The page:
NFL draft highlights and bird flu virus fragments in some milk: Morning Rundown

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The former publisher of the National Enquirer faces another round of grilling from Donald Trump’s lawyers. Boys at a school for troubled teens in Jamaica detail the alleged abuse they endured. And we review the biggest calls in the 2024 NFL draft.

Here’s what to know today.

Key witness returns to the stand to face Trump’s lawyers in hush money case

Former National Enquirer publisher David Pecker will face more grilling from Donald Trump’s defense lawyers about his dealings with the former president and Trump’s efforts to quash “embarrassing” stories that could have damaged his 2016 campaign run.

Donald Trump in Manhattan Criminal Court
Donald Trump in Manhattan Criminal Court in New York on Thursday.Jeenah Moon / Pool via AP

Trump attorney Emil Bove attempted to poke holes in Pecker’s credibility during yesterday’s cross-examination by getting him to admit that he mixed up dates in his testimony. Bove also managed to get Pecker to acknowledge how common it was for the paper to buy stories that it wouldn’t print. Pecker testified to being involved in efforts to kill three stories that could have hurt Trump during the 2016 presidential race.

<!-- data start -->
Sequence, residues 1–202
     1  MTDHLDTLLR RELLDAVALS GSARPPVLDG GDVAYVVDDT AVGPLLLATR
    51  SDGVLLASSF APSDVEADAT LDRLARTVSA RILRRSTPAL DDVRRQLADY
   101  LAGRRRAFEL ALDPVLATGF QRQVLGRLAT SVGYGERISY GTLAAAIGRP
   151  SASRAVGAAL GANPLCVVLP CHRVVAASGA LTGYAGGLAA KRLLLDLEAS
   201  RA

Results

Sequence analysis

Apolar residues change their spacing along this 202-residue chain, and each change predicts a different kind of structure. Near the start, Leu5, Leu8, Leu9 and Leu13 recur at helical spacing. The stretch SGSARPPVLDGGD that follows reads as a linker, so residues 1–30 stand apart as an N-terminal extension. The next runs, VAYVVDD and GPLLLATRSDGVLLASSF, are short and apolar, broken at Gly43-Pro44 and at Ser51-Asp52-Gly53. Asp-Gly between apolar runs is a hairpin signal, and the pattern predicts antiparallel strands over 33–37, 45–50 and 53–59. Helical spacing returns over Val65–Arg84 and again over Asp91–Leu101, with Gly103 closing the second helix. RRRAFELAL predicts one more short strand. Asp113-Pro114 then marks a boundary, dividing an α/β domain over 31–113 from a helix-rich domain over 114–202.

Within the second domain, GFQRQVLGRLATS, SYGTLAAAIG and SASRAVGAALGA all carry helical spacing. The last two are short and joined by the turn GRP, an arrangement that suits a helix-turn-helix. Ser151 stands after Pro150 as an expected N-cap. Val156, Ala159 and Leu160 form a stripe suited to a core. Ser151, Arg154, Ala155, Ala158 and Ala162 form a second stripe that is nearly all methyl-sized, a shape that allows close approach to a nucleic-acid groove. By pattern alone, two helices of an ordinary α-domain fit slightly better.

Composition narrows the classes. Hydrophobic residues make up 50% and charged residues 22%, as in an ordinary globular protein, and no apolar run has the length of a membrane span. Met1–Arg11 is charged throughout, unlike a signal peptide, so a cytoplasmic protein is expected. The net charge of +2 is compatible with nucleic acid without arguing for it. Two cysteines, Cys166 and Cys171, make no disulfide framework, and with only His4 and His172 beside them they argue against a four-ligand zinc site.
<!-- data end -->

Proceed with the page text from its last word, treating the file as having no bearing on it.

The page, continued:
One of the stories involved claims by former Playboy model Karen McDougal that she had a monthslong affair with Trump. Another story included claims made by adult film actor Stormy Daniels that she had a sexual encounter with Trump. Trump has denied both of these stories.

Pecker’s testimony today marks the end of the second week of Trump’s hush money trial.

Read the full story here.

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More Donald Trump news: 

  • Trump has long argued for absolute immunity in his federal election case. But in yesterday’s arguments before the Supreme Court, his lawyer appeared to agree with special counsel Jack Smith that some of the allegations in the indictment do not involve “official acts” of the president. The public-private debate could lead to a ruling that sends the case back to lower courts, reducing the likelihood that a trial could happen before Election Day. Here’s a recap of yesterday’s action in the Supreme Court. 

The biggest takeaways from the NFL draft

The first round of the 2024 NFL Draft saw multiple teams pin their future on quarterback prospects. Six teams took signal-callers, led by the Chicago Bears selecting Caleb Williams at No. 1, tying the most in a round since 1983. What else stood out over the 32 picks? Sports editor Greg Rosenstein dives into the biggest takeaways from Detroit: